Many people read it, and even though much of it seemed improbable, it was difficult for his contemporaries to tell the truth from Marco Polo’s rich imagination, and his truthful depictions of Asia from legends and fairy tales, which were also included in the book.

Therefore the existence of people with dog heads raised no doubts; but the description of Kublai’s riches was taken as fable.

Skeptics said that Marco Polo had not been in China at all, and everything he said he had heard in the taverns of Damascus.

After the appearance of his notes, Marco Polo lived in Venice for 25 years, almost as long as his travel to the East had lasted. He got married, continued in the trade business, and never left Italy.

He lived to be seventy. And by the end of his life, he became difficult to get along with and greedy. He quarreled frequently with relatives and even had legal proceedings with them.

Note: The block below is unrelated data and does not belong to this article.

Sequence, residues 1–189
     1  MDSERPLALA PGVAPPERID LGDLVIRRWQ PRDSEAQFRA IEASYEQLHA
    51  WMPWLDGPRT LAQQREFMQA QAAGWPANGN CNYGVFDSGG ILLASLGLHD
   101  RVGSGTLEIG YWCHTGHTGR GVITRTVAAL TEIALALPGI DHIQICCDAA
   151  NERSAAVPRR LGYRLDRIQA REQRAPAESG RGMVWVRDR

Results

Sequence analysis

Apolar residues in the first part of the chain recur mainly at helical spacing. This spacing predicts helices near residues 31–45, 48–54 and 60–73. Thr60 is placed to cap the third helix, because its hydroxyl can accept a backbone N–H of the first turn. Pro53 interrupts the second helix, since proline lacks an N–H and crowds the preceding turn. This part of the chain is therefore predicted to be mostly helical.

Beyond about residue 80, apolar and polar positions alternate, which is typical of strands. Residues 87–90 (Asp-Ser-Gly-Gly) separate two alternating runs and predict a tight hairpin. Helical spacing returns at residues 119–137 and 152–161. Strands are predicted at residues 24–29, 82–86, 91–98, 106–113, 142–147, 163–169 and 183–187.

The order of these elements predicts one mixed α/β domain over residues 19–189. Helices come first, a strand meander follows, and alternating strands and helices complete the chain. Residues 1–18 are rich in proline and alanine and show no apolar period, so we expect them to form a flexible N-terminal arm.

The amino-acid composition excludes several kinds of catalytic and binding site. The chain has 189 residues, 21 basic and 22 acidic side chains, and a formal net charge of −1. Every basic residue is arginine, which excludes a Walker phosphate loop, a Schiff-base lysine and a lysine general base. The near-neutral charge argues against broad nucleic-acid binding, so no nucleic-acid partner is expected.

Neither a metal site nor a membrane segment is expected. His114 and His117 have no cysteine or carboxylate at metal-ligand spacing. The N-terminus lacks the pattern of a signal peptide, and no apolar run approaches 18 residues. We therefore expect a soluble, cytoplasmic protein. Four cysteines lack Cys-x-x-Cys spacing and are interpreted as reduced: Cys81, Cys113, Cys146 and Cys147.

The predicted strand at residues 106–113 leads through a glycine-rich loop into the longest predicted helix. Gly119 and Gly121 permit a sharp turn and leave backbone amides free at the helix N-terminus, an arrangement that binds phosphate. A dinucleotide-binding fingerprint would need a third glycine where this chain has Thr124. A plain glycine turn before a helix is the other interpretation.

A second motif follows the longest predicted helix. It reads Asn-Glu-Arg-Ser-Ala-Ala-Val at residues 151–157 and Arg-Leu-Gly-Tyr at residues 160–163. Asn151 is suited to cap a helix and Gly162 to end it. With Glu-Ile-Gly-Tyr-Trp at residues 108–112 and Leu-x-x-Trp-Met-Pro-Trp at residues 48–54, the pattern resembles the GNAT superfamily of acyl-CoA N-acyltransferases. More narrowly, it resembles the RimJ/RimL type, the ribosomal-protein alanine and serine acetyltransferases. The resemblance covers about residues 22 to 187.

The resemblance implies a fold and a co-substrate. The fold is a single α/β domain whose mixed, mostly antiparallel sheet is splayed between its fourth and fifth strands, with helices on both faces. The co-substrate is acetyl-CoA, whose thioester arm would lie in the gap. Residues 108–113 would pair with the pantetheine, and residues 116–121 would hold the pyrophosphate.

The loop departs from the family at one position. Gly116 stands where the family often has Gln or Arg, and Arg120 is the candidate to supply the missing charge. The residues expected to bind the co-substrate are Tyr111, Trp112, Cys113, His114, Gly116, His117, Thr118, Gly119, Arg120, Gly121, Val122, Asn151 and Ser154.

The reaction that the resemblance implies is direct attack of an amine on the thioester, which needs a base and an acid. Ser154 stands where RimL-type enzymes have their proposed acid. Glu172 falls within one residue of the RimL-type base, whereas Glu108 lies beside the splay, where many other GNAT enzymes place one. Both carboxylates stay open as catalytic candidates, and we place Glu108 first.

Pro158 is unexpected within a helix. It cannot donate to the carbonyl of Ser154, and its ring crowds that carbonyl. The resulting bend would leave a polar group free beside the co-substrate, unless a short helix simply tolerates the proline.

The book of Marco Polo, written in the thirteenth century remained for a long time the only encyclopedia of the East. For more than 200 years, it served as a manual for mapmakers, though Polo was at times mistaken in his estimation of distances.

Nevertheless, the writings of the well-known Italian traveler, and observant storyteller, Marco Polo, are among those rare medieval works which are read with interest even until now.


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1. Marco Polo’s family were ordinary peasants. True or false? Did he always want to travel?

2. Had Marco’s father and uncle been to China before? What did the Mongolian emperor request?

3. Marco, his father and uncle underwent a very long journey to China. Is this correct or incorrect? Was it a difficult journey?

4. Was Marco a polyglot? What happened after the Polos reached China? What did Marco do in China?

5. The Polos settled in China. Is this right or wrong?

6. Did Marco give lectures about his travels?

7. Marco did more traveling after he returned to Venice. Yes or no? What did he do?
A. Have you or your friends been on a long journey?

B. Would you like to travel and explore different places? Where would you like to go?

C. Who have been some great travelers from your country?

D. Traveling broadens the mind. Everyone should travel. What do you think?

E. What will happen in the future?